A dry suit protects you from the cold even if you’re submerged in cold water. This is the reason why you should opt to get this one instead of a wetsuit if your finances aren’t constrained.
In connection, a dry top is a wonderful option if you feel uncomfortable wearing a dry suit or wet suit. A dry top works like a dry suit. However, it only keeps your torso, neck, and arms dry as opposed to the conventional dry suit that also prevents the feet from getting wet. Nevertheless, a dry top is good if you’re using a sit-in kayak for kayaking in cold water.
By the way, a dry top goes well with dry pants. A lifehack that some kayakers do is to buy a dry top and dry pants. Wearing these together provides some of the advantages that a dry suit gives.
Wear Full Goggles, Balaclava, and Gloves
It’s also important for you to protect your head against the cold. Cold temperatures might seriously damage your eyes, ears, lips, and nose. Overexposure to cold might cause your lips to crack, nose to bleed, and ears to hurt. Furthermore, the worst-case scenario is that you might suffer from photokeratitis.
Thus, wearing full Goggles and balaclava is a must for kayaking in cold water. A balaclava is a type of head garment that envelopes most of your head except the eyes. It keeps cold away from your ears, nose, and mouth. It also helps to maintain body heat because it prevents blood that travels to the head from losing warmth.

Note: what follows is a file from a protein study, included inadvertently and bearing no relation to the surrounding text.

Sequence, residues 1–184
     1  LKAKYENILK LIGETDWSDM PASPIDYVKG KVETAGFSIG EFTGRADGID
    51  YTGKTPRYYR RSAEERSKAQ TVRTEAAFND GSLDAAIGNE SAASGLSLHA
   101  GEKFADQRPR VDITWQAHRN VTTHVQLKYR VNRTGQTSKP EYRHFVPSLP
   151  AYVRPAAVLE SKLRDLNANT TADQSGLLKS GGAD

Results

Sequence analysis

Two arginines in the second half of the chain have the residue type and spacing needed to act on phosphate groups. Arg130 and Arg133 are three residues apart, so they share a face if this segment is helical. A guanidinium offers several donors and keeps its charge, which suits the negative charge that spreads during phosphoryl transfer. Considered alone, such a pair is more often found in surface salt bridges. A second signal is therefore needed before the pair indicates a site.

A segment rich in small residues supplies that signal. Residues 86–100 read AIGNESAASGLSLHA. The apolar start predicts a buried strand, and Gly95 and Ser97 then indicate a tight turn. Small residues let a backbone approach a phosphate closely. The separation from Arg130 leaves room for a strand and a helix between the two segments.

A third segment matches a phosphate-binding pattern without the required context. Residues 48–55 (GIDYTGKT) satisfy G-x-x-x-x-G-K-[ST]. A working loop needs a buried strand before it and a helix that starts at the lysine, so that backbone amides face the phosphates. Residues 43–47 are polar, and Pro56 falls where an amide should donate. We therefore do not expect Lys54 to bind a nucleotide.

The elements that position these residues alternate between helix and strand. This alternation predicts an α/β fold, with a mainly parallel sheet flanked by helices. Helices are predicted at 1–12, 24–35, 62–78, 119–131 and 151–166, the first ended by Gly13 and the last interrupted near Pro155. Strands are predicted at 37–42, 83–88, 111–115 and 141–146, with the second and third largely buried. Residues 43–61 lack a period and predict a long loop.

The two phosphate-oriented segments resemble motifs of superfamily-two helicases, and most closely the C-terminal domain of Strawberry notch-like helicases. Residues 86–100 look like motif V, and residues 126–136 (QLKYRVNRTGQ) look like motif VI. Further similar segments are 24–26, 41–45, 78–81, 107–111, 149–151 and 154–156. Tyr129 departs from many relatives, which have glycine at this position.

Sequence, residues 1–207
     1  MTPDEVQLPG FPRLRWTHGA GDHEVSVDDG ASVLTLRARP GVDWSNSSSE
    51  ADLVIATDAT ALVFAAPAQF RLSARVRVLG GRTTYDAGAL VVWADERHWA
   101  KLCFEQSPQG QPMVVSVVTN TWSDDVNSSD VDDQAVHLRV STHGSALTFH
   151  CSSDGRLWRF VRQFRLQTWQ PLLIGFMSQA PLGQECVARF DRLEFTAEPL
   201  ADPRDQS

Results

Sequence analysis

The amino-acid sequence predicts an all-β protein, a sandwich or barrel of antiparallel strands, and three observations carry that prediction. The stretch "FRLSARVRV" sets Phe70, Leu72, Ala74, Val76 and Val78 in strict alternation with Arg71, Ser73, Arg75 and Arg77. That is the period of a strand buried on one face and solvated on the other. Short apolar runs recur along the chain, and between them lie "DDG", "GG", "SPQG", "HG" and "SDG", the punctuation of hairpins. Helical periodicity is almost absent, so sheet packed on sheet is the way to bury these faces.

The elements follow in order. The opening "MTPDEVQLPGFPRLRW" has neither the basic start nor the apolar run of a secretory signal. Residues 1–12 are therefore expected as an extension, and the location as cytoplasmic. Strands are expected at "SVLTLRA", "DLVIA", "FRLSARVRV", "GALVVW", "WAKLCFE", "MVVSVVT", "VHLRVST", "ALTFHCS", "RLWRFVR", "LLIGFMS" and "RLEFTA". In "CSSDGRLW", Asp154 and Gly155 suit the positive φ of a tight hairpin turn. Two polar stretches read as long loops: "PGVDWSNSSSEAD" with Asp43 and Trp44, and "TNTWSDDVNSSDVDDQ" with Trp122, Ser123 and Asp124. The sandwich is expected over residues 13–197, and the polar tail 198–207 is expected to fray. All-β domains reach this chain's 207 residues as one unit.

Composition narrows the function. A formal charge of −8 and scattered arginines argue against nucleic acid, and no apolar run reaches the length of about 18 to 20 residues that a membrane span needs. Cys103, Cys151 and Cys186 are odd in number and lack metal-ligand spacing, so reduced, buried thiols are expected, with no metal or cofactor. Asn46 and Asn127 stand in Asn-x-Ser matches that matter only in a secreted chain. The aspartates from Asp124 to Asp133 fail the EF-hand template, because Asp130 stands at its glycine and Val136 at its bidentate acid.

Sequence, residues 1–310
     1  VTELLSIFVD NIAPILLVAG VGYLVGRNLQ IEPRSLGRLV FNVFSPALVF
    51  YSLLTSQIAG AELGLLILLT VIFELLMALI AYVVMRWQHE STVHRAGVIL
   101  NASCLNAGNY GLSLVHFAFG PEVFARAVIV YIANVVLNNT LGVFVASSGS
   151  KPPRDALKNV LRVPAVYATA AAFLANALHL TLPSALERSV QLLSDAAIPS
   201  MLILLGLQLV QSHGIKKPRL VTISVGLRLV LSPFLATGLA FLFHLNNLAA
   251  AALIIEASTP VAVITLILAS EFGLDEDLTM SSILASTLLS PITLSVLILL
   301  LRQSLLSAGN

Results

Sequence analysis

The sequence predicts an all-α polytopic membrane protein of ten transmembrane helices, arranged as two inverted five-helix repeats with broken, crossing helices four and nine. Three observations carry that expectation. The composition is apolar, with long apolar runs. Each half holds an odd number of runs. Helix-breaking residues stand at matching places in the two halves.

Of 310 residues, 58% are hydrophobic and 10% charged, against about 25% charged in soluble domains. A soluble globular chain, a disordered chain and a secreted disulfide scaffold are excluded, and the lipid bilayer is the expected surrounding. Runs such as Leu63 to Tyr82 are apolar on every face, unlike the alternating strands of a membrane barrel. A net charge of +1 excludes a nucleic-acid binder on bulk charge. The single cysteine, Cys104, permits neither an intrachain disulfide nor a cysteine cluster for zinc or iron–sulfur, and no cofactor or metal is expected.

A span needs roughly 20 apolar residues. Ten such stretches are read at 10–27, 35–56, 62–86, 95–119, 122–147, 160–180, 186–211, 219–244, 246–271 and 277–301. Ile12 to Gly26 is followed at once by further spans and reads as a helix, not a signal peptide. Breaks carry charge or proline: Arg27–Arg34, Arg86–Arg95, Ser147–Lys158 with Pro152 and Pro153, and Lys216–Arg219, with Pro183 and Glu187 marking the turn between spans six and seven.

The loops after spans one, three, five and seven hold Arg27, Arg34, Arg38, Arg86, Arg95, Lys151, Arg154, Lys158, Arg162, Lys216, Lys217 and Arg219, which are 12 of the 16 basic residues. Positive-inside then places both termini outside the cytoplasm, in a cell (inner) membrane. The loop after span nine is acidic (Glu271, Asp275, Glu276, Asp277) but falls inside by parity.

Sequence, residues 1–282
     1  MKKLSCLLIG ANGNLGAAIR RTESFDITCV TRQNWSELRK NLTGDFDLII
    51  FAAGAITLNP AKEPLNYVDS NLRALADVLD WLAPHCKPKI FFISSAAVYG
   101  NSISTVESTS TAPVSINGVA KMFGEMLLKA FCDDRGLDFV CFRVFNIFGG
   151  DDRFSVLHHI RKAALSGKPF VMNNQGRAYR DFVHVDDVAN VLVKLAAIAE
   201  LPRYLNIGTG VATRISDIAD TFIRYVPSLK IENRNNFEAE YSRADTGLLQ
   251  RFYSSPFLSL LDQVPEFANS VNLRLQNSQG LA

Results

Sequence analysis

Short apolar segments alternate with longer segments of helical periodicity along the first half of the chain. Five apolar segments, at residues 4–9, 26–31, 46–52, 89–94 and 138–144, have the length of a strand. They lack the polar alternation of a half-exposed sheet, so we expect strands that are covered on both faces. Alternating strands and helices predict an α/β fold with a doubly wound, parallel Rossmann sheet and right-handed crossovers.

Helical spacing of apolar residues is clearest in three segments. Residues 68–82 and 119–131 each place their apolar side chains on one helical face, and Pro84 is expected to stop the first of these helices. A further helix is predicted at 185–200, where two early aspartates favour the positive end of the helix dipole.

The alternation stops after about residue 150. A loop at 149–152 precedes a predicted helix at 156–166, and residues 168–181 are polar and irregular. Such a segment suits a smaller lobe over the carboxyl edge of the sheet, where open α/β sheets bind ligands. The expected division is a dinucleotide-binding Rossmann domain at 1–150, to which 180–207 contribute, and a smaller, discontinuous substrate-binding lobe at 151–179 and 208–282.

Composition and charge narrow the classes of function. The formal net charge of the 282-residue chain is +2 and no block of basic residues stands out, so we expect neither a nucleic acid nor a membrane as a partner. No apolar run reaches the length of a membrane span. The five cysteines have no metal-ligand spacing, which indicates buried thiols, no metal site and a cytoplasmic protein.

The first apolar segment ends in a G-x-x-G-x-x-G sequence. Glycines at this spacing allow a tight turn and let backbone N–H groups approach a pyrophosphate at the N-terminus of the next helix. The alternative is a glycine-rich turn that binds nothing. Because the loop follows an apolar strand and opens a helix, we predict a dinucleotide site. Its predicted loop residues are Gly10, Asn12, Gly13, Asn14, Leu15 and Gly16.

Full goggles prevent cold air or water from battering your eyes while kayaking. Sudden contact of the eyes with cold will leave you disoriented. As a result, you might find it hard maneuver.
Finally, you shouldn’t hesitate to wear gloves. The best type of gloves for kayaking in cold weather are neoprene gloves. Don’t go for fingerless ones because they’ll be useless. Pick ones that have a thin layer of fleece on the inside because they will keep your hands warm and comfy.
Other Essential Things You Need To Know For Kayaking in Cold Water
How Cold Is Too Cold?
Coldwater kayaking is fine so long as you’re wearing the gears that I discussed. However, there is a limit to everything. Don’t head out to kayak when temperatures are -9 degrees Celsius and below. -9 degrees Celsius and lower temperatures are enough to freeze the water. Problems that might arise if you push to kayak are the formation of ice on the hull, hypothermia, snow blindness, etc.
Ditch Your Earrings and Other Metalic Ornaments
Before heading out, be sure to remove your earrings and other metallic ornaments. Earrings and metallic ornaments cause frostbite. The least that you want to happen is to have severely damaged ears or hands just because of kayaking in the cold.
In connection. applying an anti-frostbite cream on the hands, feet, face, and ears is a good preventive measure.
Kayaking in cold water isn’t impossible. Get the gears that I mentioned here and you’re good to go. Remember that dry suit or wet suit is for the torso, balaclava and full goggles are for the heads, neoprene gloves are for the hand, and warm pants and shoes are for the legs.
By the way, remember not to wear any earrings and other metalic ornaments when kayaking in the cold. Don’t forget to apply anti-frostbite cream too. Lastly, consider rescheduling your kayaking trip if the coldness is enough for large bodies of water to freeze.